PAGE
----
The COT measures being considered include: COT should be for a period of 10 days and the finance will have option to release it after one day. However, the financier is obliged to rollover for 10 days, if so desired by the financee, while the COT should only be allowed in the shares of very liquid companies:
The margins for COT should be 25 per cent higher than for normal market trades.
The COT shares shall be kept with the CDC or the Clearing House of the exchange or in the case of institutions providing financing, pledged in favour of those institutions and blocked for further use during the contract period of the financing.
It was, however, felt that while these measures will serve as useful interim steps to improve risk management of COT financing, a more permanent solution needs to be developed that will widen alternative avenues for financing against shares, including margin financing.
A sub-committee has been constituted to come up with an action plan for developing these alternatives — financing sources. The sub-committee headed by Ali Ansari includes Samir Ahmed, Naseem Beg, Muneef Ibrahim and Ejaz Rahim. The committee is expected to submit its report within 30 days.
The study, being conducted by Dr. Nishat, Professor at IBA, Karachi, is due to be finished by the end of June and will provide guidelines on appropriate exposure levels that would have protected the clearing houses in the past from excessive price volatility.
Based on information contained in the study, the group members are expected to come up with formulae to determine margin requirements on individual stocks which will correlate with the price volatility and hence the risk emanating from the particular stocks.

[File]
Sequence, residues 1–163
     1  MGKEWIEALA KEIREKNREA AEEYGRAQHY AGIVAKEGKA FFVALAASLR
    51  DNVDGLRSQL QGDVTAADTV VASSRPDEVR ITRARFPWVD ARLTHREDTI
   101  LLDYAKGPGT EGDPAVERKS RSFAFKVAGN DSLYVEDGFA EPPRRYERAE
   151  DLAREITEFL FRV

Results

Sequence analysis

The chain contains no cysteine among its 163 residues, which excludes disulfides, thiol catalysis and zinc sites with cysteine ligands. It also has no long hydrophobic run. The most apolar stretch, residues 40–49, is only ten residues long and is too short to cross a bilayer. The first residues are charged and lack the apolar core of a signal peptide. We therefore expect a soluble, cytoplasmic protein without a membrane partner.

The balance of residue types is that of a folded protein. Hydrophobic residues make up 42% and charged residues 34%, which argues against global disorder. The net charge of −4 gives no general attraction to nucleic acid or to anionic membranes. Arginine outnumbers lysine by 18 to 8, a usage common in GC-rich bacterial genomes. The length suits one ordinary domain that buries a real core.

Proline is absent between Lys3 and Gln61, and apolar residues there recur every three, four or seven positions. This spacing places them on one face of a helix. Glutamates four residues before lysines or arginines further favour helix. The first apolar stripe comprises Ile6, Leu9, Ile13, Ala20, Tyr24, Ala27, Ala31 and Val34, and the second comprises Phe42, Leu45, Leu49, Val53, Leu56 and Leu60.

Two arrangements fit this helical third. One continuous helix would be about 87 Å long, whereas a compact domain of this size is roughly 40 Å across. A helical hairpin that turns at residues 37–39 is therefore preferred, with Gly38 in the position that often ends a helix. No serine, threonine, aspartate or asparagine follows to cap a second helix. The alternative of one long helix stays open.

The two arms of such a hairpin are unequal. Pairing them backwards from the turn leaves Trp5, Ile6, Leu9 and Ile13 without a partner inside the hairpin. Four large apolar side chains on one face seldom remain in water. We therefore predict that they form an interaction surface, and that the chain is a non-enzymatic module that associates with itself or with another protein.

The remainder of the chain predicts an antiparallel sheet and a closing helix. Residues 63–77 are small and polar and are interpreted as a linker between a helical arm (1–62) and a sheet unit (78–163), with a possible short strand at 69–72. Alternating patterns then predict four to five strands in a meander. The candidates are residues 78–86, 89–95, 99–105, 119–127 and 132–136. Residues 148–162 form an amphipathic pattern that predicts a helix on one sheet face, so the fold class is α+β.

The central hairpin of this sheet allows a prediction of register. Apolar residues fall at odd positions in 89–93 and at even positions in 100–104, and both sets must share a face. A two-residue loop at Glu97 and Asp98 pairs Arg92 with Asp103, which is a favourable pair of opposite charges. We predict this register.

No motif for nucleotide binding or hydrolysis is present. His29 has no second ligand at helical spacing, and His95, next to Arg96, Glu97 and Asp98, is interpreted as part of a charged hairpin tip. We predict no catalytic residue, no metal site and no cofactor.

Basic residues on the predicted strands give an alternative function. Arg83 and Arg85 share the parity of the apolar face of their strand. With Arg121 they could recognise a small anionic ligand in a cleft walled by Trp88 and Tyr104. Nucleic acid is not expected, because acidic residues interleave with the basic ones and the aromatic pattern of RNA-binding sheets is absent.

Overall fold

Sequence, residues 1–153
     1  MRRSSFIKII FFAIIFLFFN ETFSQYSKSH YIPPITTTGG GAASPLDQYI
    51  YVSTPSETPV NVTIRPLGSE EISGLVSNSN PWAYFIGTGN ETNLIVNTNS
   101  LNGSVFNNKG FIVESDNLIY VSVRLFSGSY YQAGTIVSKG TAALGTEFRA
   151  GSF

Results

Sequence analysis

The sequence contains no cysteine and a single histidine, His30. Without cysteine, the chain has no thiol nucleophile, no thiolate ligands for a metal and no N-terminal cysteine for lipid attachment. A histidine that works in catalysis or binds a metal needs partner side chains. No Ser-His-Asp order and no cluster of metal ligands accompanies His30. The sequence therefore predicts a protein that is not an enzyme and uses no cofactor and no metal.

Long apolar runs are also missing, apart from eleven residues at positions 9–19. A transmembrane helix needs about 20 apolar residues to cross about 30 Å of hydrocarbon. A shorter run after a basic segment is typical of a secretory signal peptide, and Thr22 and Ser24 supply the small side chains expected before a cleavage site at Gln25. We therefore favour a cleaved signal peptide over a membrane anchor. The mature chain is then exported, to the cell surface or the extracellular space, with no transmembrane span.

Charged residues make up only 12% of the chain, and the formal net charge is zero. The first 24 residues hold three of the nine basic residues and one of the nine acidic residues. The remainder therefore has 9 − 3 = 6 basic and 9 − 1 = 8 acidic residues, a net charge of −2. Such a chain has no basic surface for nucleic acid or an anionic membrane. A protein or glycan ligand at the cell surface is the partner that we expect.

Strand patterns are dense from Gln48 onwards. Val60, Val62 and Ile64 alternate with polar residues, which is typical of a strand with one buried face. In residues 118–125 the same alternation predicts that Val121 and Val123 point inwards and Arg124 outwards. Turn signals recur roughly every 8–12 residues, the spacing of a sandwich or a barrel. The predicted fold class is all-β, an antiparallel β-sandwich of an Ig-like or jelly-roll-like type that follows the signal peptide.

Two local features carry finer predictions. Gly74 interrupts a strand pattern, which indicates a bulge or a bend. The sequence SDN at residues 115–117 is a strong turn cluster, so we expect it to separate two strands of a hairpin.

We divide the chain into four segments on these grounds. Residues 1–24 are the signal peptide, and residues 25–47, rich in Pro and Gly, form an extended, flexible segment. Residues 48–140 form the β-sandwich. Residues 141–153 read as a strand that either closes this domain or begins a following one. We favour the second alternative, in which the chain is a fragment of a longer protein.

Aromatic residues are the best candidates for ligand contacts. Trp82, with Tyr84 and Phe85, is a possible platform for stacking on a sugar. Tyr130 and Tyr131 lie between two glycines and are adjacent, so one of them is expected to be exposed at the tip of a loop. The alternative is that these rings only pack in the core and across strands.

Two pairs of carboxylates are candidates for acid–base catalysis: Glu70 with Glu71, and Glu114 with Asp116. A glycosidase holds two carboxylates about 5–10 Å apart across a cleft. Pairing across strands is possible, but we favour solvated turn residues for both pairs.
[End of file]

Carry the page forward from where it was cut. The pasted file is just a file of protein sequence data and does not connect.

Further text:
In order to discipline brokers/ investors, it was proposed that regulations be devised that make it obligatory for brokers to get margins from clients. This will also be in line with international practices. Relaxation may be given to some class of institutional clients.
In view of the recent market happenings the governance of the stock exchanges come under debate.
The meeting felt that while the stock exchanges had taken a number of important steps to introduce independent professional management, there is a significant need to further strengthen the same to reduce perceived interference of the members in the day-to-day running of the exchanges. It was also felt that there is a need to dissipate informal lobbying efforts of brokers applied through the stock exchange. Being a front line regulator, it is important for the management of stock exchanges to independent of any vested interests.
The total proceeds from the privatization of state owned units have been estimated at Rs61 billion or $1.8 billion so far. The government aims at bringing major transactions to the market during the current calendar year. The privatization programme starting from 1990s has sold some 109 units. Presently, some giants in the public sector organizations especially in the financial and energy sector are being given the final touches for transfer of hands from public to private sector. The focus of the privatization policy should be the broadening of the ownership base by selling these units through share market. The market has the required depth to absorb these transactions. The most important factor which the economic managers should focus in their policy is to enable the potential investors both individuals and companies to save their earnings. Presently, the high rate of taxation, exorbitant cost of essential items including utilities and multiplier effects on general prices have eroded the saving capabilities of the people in general.
The magnitudes are reflected by the following details since July 01, 2001
Market Capitalisation (Rs in billions)
Average Daily Turnover (Shares in million)
July 01, 2001
September 30, 2001
December 31, 2001
March 31, 2002